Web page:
The long-term survival chances of patients with breast cancer plummet if the cancer recurs or spreads to other parts of the body in the process known as metastasis.
So the National Breast Cancer Foundation recently funded a five-year, $5 million National Collaborative Research Program to investigate metastasis and discover potential drugs to stop or slow it. The EMPathy Breast Cancer Network program was also charged with finding ways of diagnosing metastasis before it occurs. The research is highly dependent on the latest sequencing technology and demands the massive computer power and sophisticated data handling techniques of modern bioinformatics.
Much of the data generation involves high throughput, next generation DNA and RNA sequencing. Genetic material is replicated and chopped into millions of small pieces that are analysed in parallel. This results in massive sets of data to be sorted and fitted together into a coherent sequence—and that’s a job for bioinformatics. So the researchers collaborate with scientists from the Victorian Life Sciences Computation Initiative.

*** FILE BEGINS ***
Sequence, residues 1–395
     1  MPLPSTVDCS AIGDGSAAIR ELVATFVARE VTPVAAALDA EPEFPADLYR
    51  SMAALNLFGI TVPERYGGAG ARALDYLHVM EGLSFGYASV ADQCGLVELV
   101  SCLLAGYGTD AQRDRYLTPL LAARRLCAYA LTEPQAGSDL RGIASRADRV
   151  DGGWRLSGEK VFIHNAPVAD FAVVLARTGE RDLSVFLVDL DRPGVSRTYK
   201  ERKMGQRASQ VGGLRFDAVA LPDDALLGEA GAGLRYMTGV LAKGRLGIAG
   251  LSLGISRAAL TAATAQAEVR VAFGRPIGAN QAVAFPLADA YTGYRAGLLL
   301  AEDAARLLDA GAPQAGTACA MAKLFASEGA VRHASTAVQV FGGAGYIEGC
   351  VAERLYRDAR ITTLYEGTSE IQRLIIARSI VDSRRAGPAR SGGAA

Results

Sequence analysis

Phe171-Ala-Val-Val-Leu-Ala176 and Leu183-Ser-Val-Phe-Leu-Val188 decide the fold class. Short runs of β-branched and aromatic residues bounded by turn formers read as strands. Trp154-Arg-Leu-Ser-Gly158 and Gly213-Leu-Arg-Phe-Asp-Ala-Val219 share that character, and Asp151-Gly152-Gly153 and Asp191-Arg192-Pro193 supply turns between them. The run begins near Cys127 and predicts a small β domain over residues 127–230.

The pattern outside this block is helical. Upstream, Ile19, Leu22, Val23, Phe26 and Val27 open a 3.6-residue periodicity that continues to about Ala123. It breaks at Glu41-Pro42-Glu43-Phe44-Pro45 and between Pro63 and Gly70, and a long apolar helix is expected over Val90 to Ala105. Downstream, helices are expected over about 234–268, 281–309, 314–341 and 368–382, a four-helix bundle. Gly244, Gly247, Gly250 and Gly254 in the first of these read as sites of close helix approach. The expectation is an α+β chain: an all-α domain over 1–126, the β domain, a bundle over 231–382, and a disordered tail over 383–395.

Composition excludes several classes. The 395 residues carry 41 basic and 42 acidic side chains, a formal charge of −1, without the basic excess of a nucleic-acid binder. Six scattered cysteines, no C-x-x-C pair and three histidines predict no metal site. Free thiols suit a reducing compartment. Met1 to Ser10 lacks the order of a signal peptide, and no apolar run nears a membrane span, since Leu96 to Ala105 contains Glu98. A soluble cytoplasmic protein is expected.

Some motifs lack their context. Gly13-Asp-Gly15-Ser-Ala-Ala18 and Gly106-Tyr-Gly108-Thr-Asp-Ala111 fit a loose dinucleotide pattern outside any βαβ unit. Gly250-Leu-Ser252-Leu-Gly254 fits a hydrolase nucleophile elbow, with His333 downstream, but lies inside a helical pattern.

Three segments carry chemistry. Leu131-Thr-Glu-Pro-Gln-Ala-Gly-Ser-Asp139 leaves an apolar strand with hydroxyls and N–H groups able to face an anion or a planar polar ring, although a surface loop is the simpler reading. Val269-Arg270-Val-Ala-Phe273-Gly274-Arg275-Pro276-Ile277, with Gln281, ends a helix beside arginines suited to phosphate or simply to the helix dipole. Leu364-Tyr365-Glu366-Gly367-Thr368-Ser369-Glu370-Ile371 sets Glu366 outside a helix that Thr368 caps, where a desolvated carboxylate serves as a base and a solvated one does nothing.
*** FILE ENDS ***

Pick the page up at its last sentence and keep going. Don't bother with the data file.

The focus is on epithelial mesenchymal plasticity (EMP)—the capacity of cells to change from structured, stay-put, epithelial cells to mobile, less organised, mesenchymal cells and vice versa. EMP is an important underlying mechanism of foetal development. But in cancers it facilitates metastasis.
Led by Prof Erik (Rik) Thompson, of St Vincent’s Institute of Medical Research and the University of Melbourne, the EMPathy program brings together an Australia-wide network of researchers and clinicians who’ll be working almost simultaneously on seven different themes along the drug development pipeline, so what they find can be fast-tracked into the clinic.
Photo: Breast cancer cells visualised with antibodies recognising E-cadherin (red) or vimentin (green). The cell nuclei are visualised with a DNA-binding stain (blue).
Credit: Cletus Pinto & Rhiannon Coulson, St Vincent’s Institute
National Breast Cancer Foundation, www.nbcf.org.au